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Experiential Psychology: a Descriptive Protocol and a Reflection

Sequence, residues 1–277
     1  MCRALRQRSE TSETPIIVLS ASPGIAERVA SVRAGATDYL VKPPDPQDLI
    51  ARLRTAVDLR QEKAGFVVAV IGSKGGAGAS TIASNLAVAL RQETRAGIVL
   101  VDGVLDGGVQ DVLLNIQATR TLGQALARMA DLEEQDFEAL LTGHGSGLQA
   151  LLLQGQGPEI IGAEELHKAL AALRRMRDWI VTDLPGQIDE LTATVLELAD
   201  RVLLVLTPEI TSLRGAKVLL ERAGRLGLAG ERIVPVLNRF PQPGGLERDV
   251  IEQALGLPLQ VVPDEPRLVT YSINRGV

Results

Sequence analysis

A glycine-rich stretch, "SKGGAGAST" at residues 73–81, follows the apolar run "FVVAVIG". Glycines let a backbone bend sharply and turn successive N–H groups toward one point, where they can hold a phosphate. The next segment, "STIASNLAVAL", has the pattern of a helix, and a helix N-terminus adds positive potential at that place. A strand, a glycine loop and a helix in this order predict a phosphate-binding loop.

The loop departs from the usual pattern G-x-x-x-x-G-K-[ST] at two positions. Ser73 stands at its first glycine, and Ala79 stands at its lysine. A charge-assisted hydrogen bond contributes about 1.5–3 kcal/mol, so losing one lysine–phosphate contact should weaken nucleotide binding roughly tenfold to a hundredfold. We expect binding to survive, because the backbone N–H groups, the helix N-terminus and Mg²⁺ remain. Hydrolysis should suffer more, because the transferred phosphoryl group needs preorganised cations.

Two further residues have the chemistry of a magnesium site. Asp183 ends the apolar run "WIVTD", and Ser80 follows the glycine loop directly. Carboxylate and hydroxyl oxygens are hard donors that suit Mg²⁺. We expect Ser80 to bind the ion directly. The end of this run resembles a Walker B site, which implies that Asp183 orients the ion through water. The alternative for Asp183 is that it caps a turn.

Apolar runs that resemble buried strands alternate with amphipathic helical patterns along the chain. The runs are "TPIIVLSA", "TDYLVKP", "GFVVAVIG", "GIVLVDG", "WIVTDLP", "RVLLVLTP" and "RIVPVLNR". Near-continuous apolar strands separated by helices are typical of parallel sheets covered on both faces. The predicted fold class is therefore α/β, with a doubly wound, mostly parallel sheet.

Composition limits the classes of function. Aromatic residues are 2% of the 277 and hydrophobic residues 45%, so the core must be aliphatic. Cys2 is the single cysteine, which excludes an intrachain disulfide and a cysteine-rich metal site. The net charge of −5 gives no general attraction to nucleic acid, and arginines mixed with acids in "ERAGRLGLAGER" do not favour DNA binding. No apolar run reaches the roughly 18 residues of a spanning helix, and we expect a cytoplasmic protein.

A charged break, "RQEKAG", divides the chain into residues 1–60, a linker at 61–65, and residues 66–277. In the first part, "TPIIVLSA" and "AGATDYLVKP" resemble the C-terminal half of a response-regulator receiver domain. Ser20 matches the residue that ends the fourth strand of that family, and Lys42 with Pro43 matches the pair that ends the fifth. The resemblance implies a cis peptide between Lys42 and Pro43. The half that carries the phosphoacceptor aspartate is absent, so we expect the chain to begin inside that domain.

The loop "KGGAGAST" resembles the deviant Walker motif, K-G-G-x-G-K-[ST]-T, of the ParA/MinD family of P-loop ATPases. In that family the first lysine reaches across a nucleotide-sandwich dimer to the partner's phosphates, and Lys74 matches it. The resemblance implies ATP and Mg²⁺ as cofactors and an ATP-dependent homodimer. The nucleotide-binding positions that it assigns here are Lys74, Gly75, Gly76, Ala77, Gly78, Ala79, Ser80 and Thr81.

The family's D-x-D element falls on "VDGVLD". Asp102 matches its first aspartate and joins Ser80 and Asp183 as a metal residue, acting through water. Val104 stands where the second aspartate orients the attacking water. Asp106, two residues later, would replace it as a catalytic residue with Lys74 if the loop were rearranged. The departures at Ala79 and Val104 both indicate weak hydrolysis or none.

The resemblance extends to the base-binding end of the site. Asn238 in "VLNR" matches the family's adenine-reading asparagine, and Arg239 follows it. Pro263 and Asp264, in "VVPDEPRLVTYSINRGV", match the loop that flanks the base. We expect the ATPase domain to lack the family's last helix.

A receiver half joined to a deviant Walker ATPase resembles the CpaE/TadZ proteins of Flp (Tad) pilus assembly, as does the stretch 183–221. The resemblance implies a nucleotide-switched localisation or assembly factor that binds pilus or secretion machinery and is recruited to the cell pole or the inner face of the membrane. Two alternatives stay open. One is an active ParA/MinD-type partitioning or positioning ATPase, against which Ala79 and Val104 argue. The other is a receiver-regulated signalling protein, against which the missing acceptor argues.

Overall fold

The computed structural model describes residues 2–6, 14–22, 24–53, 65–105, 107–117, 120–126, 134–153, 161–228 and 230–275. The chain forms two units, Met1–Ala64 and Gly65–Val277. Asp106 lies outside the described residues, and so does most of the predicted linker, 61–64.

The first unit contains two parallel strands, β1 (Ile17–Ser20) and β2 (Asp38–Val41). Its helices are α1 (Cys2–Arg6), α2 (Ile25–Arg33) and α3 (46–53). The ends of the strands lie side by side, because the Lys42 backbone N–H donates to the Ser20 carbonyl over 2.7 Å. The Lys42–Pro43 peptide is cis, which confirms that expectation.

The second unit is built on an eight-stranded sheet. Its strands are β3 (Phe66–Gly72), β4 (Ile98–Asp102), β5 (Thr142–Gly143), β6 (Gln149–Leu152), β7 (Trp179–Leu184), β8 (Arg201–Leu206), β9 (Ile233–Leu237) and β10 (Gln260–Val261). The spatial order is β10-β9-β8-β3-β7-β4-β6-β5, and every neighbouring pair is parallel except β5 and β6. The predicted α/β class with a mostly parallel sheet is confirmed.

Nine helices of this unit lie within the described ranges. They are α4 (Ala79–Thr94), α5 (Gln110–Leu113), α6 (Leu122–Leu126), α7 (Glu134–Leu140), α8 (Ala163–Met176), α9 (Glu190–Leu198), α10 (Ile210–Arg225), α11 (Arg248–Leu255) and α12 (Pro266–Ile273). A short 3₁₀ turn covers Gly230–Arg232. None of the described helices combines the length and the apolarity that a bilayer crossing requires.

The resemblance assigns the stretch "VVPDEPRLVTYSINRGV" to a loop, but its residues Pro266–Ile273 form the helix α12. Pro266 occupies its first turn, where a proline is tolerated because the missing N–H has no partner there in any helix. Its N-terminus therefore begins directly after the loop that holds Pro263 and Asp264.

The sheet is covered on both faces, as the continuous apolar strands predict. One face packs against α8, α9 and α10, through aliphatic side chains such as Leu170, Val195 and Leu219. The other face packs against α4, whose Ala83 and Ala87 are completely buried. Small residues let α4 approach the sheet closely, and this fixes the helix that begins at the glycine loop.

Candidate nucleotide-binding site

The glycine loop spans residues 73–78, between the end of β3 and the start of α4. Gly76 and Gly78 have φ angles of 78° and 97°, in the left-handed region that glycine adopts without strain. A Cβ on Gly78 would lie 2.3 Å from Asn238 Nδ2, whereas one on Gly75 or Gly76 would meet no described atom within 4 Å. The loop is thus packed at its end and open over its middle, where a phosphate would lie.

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The experiactional stream of a person can be seen to be organized. It takes place in situation as a "situated event." Events have a duration through time; they could be called: Time-Gestalten. Events (such as giving a public lecture) first tend to appear in the stream of experience in imaginary anticipation usually as a result of a social invitation or as a self-initiated project. In anticipatory experience projected events are developed, worked-on, thought about on repeated occasions. The event takes shape in experience as an anticipation (what I thought the lecture to be like) before it takes place (what it turns out to be in actuality). This has consequences and is important because strategy-decisions are made which actually create the future event. During the recorded experience I actually decided what I was going to do for the lecture. (Needless to say you can make mistakes and proceed from an inadequate anticipatory image. I imagined myself to be speaking to interested psychology students and the audience later turned out to be senior citizens in retirement in Florida who like to hear a lecture at the college on any topic. They were very kind to me.) The meaning of this anticipated event which has personal (what shall I do) as well as social-professional horizons (what is expected of an Existential-Phenomenological psychologist and of a lecturer in a college setting, generally) sets limits to what is allowed into the imaginary anticipation or the projecting. They could be said to act as "charges" upon my experiaction here and now. It seems that the event in anticipatory elaboration is richer and allows more play in experience. As we approach the actualization proper (actually giving the lecture) the range of possibilities narrows. Anticipation has to become embodied: it springs into action and enters the domain of public and shared social reality. We witness the event. Any component of the experiactional stream-particularly in the anticipating phases of event-structures-is built up in complex ways. This may be described as "interwovenness." Whatever we focus on (for example, the United States Steel Building in Pittsburgh, Pa. 1971) can be seen to arise on a string of previous encounters reaching back into one's at bottom indeterminate biographical stock of experiaction. This stock hovers horizonally around the theme-what I pay attention to at the moment-and codetermines its meaning. This makes for idiosyncratic meanings. But our past experience is also in a good measure shared (social) because it is based on experiences of communication to which I had access through language or images. To some extent, therefore, there is also a public and shared meaning to a perceived theme. Components of the experiactional stream are also gathered up and connected through a higher and unifying intention, the project. We take many steps to actualize a project, and we also seem to have more than one project going on at any one time. This tends to "mix-up" our stream of experiaction in surprising and complex ways. In this study I have taken a small step (20 minutes of continuous experiaction: sitting down and recording what occurs to me) which turned out to be connected to the larger sequence of being involved in giving a lecture. This event as an over-arching project casts its shadow ahead of itself and colored my anticipatory experience in clearly definable ways. The general structural features uncovered here through reflection were present and at work during my experiaction although I was not explicitly aware of them at the time, while living them out. Nevertheless, my pre-reflective experiaction turned out to have been structured and organized. In what I thought was an unique-private experience there were revealed and operative general-universal structures. The personal-existential and the general-phenomenological components are inextricably intertwined and collaborative in the creation of human experience in a particular situation. They constitute a tension inherent in the flow of experiaction. In living we constantly move between these levels and as researchers in this field we always try to bridge this "gap" that arises in understanding which dichotomizes "lived immediacy" and "theoretical understanding." Either extreme-"just living" or "just thinking"-if emphasized unduly is an aberration. The human way is to experiact and to make sense of it so that mere living-out is humanized into living-with-awareness. This can never be fully accomplished but is always in process, ongoing. Everyone has to unfold his own awareness and understanding, recognizing that the depth or ground of living eludes objectification and final conceptual grasp. We can only tune-in.


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